The veer requires precision and smarts. The ability of the QB to identify weakness in defensive alignment is paramount, as the veer can take quick advantage of a defensive misalignment; the veer can be used with great effect when the offensive line is a strength of the team. Over time, the ability to pass out of the Veer has been utilized depending on the quarterback's ability to "bounce" into a moving pocket to make short range passes; the most effective methods of passing out of the Veer places emphasis on the interior linemen's ability to "sell" the defense on a run block scheme. Short yardage or goal line offensive situations are ideal for a Veer option pass play; the receivers that are the best options for a pass play out of the Veer are the first running back through the line who runs a "go" route isolating the frozen safety. A third component to the Veer that comes with some passing success is the ability to run trick or gadget plays to take advantage of over anxious defensive backs and over pursuing linebackers.
Once the ability to pass out of the Veer has proven successful, the countering of the V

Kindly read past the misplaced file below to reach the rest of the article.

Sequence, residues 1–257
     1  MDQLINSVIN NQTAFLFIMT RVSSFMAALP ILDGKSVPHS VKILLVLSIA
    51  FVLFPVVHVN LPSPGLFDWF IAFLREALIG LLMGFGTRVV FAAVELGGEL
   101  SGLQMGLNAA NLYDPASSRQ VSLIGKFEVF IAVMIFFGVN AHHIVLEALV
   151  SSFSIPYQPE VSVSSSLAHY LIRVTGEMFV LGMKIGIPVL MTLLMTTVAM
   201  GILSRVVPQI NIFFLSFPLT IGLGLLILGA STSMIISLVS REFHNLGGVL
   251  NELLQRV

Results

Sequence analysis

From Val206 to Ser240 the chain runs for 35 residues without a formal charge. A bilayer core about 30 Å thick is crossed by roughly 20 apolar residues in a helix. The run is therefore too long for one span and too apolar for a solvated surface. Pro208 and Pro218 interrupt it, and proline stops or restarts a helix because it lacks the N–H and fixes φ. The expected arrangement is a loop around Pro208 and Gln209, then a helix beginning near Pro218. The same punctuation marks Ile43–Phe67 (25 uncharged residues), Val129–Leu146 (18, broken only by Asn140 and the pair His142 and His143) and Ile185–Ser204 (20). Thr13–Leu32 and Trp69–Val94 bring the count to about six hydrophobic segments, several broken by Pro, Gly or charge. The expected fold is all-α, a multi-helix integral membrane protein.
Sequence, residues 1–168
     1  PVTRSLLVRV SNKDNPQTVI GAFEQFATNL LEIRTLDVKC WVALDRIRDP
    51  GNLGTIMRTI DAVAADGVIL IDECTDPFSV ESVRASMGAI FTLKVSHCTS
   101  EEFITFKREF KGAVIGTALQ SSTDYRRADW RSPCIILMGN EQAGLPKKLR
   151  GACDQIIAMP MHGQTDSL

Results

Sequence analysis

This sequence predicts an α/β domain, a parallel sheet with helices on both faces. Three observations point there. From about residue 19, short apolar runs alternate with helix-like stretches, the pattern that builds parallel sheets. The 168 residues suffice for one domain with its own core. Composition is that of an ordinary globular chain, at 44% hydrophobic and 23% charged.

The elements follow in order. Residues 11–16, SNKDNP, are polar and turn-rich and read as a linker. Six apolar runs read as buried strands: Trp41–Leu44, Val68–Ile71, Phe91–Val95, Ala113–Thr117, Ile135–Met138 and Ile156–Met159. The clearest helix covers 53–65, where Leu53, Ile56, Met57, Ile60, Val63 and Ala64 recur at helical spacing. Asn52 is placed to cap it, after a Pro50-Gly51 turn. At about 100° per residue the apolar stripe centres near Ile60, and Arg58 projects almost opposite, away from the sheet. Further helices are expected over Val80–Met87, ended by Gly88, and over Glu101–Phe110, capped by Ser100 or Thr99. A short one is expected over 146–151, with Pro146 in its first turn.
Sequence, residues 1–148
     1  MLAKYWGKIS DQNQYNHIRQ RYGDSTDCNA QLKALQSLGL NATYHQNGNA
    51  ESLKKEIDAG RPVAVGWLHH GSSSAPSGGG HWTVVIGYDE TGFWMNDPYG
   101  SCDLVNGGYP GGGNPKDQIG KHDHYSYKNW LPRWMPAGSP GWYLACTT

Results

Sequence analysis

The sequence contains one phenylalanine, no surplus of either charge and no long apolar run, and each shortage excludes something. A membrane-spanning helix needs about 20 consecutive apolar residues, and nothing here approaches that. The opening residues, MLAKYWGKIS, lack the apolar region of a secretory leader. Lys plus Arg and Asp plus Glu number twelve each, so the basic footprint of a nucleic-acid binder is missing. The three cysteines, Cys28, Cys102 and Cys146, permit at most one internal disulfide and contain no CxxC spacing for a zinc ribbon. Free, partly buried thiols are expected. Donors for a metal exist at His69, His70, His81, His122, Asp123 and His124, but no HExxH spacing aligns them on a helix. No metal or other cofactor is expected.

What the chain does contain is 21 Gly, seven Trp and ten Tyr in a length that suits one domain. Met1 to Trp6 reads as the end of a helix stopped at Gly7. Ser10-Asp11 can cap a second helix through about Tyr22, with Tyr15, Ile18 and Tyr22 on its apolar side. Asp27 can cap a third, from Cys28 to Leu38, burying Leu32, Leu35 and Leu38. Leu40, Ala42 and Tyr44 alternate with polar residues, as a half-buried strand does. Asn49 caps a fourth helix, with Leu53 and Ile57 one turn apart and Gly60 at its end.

In gridiron football, an onside kick is a kickoff deliberately kicked short. On most kickoffs, the kicking team concedes possession of the ball and tries to kick it as far as possible from its own goal. In an onside kick, the kicking team kicks short in hopes of regaining possession of the ball before the receiving team can control it; the onside kick is a low-percentage play only seen late in a game when the kicking team is trailing in the score and must retain possession of the ball in order to score before time expires. However, its chances of success increase in a situation. Gridiron football originates in rugby football, so does the onside kick. In rugby, while the forward pass is prohibited, a team in possession may kick the ball downfield and recapture possession, provided that the receiver of the kick was onside when the kick was made This form of onside kick is still legal in Canadian football, just as in rugby. A player of the kicking team, "onside" may recover the ball and retain possession for his team.